During indentation, a region underneath and around the indenter is plastically deformed (typically to strains of up to a few tens of %, depending on the relative depth of penetration). If the way that the deformation occurs is to reflect the mechanical characteristics of the bulk, then the region clearly needs to be sufficiently large. In particular, for polycrystalline samples (ie the vast majority of metallic materials), it needs to constitute a representative assembly of grains (capturing the effects of factors such as crystal structure, grain size, crystallographic texture, composition, phase constitution, grain boundary structure, prior dislocation density, impurity levels etc). The minimum size of the plastically deformed region cannot be accurately defined in terms of the number of grains within it, but an order of magnitude for it is at least a few dozen and preferably more. The diameter of the indent should evidently be larger than the grain size. So-called “nano-indentation”, creating indents with dimensions of a few µm or less, is of no use for obtaining the bulk mechanical properties of most materials.
Plastic deformation of metals usually occurs as a result of the glide of dislocations, driven by shear stresses. (In some cases, deformation twinning may contribute, but this also requires shear stresses in a similar way, and also involves no volume change.) In polycrystalline materials, individual grains must deform cooperatively, with each undergoing a complex shape change (requiring the operation of multiple slip systems), consistent with those of its neighbours. Inspection of the free surface around an indent provides instructive insights into the details of this deformation – the micrographs in Fig.1 illustrate this. Numerous surface steps can be seen, with heights of several hundred nm. These arose from many dislocations following each other along particular slip planes (to create persistent slip bands). Although the strains in these near-surface regions are low (~ few %), evidence of multiple slip can be seen in most of the grains.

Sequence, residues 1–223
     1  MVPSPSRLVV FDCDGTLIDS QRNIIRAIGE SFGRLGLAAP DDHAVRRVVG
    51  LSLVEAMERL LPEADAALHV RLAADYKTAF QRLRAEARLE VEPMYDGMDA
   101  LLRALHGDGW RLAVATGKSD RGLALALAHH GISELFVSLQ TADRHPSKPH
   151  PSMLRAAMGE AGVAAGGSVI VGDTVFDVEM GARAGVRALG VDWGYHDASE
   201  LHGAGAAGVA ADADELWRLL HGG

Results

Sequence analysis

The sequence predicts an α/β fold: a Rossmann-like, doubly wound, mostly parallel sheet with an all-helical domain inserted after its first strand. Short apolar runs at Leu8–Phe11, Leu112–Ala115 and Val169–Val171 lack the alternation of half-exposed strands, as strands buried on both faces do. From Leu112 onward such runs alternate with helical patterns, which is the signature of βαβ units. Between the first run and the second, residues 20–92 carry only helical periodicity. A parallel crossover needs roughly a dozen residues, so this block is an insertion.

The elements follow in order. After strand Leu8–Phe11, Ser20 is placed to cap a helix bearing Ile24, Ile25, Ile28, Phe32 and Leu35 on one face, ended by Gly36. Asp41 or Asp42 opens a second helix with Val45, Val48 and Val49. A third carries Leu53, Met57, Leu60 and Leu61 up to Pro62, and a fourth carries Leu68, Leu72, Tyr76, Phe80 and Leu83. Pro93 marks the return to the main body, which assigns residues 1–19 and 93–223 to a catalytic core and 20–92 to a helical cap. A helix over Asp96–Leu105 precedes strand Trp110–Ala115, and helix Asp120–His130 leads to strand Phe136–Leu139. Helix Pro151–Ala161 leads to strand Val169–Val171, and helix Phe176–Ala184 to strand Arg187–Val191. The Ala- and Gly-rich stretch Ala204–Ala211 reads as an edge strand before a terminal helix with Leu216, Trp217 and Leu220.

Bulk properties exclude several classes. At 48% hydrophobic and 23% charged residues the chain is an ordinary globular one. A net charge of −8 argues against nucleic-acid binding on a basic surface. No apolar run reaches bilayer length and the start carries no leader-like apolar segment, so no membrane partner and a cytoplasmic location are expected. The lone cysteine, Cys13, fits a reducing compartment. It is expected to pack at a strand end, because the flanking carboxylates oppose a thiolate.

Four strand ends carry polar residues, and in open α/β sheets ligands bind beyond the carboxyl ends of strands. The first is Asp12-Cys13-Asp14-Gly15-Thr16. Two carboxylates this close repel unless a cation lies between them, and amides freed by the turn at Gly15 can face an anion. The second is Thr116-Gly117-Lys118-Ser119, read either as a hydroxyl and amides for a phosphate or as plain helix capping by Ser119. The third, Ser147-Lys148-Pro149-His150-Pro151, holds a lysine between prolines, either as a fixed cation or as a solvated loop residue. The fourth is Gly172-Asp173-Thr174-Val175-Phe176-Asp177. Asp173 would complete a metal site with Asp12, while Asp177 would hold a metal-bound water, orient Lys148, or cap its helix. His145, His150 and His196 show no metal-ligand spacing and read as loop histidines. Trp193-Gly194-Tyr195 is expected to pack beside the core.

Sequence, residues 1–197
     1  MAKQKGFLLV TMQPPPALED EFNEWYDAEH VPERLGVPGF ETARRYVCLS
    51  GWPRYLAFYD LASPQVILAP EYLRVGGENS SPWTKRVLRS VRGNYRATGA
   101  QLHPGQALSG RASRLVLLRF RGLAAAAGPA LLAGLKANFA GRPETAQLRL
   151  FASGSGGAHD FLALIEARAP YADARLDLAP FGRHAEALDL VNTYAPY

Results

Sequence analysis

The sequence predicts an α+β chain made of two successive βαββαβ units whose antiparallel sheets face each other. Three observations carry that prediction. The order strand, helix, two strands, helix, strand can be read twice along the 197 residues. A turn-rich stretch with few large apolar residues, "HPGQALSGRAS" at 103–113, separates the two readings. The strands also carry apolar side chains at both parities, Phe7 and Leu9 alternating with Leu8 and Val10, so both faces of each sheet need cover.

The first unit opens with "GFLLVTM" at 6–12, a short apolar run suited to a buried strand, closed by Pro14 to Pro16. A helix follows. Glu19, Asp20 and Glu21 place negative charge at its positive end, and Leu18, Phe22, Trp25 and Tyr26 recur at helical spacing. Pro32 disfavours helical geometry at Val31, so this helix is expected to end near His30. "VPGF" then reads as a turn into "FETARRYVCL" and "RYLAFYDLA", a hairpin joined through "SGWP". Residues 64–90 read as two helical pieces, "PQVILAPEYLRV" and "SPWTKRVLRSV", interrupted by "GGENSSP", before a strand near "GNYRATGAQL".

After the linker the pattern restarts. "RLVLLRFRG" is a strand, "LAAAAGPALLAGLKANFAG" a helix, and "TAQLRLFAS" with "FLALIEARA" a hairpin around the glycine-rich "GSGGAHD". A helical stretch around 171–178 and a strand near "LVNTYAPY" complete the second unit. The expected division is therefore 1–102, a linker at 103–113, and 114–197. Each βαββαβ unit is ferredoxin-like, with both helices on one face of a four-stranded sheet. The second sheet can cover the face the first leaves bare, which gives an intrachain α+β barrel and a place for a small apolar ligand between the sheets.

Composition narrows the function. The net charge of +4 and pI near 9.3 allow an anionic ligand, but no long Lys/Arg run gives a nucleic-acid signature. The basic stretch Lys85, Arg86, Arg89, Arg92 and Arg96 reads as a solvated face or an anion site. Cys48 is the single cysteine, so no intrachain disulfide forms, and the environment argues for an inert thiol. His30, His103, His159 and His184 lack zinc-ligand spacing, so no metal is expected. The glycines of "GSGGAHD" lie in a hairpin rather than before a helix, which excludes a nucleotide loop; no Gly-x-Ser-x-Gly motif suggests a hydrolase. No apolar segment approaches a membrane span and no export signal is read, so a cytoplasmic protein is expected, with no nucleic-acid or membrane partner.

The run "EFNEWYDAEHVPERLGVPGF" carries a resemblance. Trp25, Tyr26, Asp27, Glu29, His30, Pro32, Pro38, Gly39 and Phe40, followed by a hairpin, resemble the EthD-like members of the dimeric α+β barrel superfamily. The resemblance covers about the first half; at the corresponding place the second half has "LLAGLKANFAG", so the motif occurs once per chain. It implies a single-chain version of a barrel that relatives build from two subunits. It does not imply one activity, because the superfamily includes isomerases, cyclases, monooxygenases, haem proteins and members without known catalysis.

Single crystals of metallic materials are relatively rare. Of course, they’re not without technological importance, with the use of highly creep-resistant Ni-based superalloy single crystals in turbine blades constituting an excellent example. Such materials tend to be highly anisotropic, particularly in terms of their plasticity characteristics. The reason for this is evident in Fig.2, which shows how their indentation response differs from that of a typical polycrystalline metal. Multiple (two system) slip occurred throughout the sample, but, since the same type of deformation took place throughout the deformed region, it happened to different degrees in different (in-plane) directions, losing the radial symmetry. A different response would be obtained if the orientation of the indented surface were different. Since an indentation test generates multi-directional loading, it cannot be used to obtain stress-strain relationships for particular orientations of single crystals.
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